While in Catholic high school, I was required to take a class called “Social Justice,” which taught students about Catholicism’s role in advancing social reforms. At the time, I was a libertarian with a skepticism toward religion, and I thought the class was just an attempt to indoctrinate young people in progressive ideology.
Now, I realize that the problem was not so much what the class taught, but rather what it didn’t teach. We spent time examining Pope Leo XIII’s Rerum Novarum and its criticisms of capitalism, the evils of racism, and environmental stewardship. However, not one word was uttered about the horrors of abortion, the role of the family, or the relationship between Christianity and government. The version of social justice presented was incomplete, including only the ideas that most young people today would find palatable and sweeping Catholicism’s “hard sayings’” under the rug.
My experience reflects a larger problem. The phrase “social justice” has been hijacked by progressives to reflect initiatives such as transgenderism and abortion. As such, it is not surprising that many conservative Catholics wince at the use of the term. Yet this is a most unfortunate circumstance, as true social justice has a rich history whose origins lie in orthodox Catholicism.
Dr. Christopher Wolfe seeks to change this in The Concept of Social Justice, a collection of essays delving into issues relating to genuine Catholic social justice and its application. Edited by Wolfe, the book compiles writings from multiple noted authors—including Michael Novak, John Finnis, and Jean Bethke Elshtain, among others—who explain the history, teachings, and applicability of Catholic social justice. While brief, the book is highly informative, presenting a chronologically sound series of essays that provide a truly holistic vision of social justice. The essays flow well, providing an in-depth analysis that is highly informative yet easily accessible. The authors employ clear language while avoiding excessive academic jargon.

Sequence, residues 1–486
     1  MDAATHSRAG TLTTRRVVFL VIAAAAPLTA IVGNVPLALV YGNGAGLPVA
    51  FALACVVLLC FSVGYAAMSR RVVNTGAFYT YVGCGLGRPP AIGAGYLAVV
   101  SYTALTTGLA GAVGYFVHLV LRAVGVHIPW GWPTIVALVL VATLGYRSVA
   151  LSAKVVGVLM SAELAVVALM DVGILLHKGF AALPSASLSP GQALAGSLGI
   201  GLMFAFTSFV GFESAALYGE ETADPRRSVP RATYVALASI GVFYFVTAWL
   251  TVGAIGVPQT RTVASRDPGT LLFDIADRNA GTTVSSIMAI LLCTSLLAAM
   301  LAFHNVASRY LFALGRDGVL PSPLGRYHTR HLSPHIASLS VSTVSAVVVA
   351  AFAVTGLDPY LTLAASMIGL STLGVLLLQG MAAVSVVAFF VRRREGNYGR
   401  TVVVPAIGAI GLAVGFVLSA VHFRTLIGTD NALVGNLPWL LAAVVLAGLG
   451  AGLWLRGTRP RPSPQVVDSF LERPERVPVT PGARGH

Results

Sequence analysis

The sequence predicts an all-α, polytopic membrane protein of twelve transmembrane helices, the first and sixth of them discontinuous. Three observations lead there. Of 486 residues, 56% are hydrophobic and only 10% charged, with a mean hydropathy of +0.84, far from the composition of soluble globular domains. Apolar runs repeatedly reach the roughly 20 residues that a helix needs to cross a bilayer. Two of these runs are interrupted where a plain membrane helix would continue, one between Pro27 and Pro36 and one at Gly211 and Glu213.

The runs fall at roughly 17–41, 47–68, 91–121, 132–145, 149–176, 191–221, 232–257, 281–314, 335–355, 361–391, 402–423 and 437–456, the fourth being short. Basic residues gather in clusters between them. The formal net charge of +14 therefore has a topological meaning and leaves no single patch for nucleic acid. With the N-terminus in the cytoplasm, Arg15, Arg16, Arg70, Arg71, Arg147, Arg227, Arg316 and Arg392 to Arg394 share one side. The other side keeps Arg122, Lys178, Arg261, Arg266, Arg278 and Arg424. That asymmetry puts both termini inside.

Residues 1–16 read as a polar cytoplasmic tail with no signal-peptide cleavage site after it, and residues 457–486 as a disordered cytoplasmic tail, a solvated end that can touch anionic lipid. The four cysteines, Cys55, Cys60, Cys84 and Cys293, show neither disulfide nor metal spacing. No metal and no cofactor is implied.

However, the book is necessarily limited in its scope. This presents some difficulties. Pressing questions go unanswered in the last chapter of the book, for example: “The USCCB Approach to Social Justice and the Common Good,” by J. Brian Benestad. The essay rightly points out that when Catholic Social Teaching is adhered to properly, it does not fit neatly into either of the two main American political parties. So what do Catholics do? Should they work to reform the GOP despite its flaws? Or what about a third party? Some have suggested joining the American Solidarity Party, which is modeled on European organizations that advocate Christian Democracy. Yet due to its third-party status, Catholics who join would have to be content with being in a political party that, while adhering to most Catholic doctrines, will likely never win.
This book doesn’t attempt to give an answer to that thorny question. Still, although the ideas presented in The Concept of Social Justice are just a start, they provide a crucial foundation for the salvific and eternal work that Catholics must complete in the political arena. Those who hope to advance true justice, not partisan interests or sectarian conflicts, should take the time to read this engaging, challenging little book.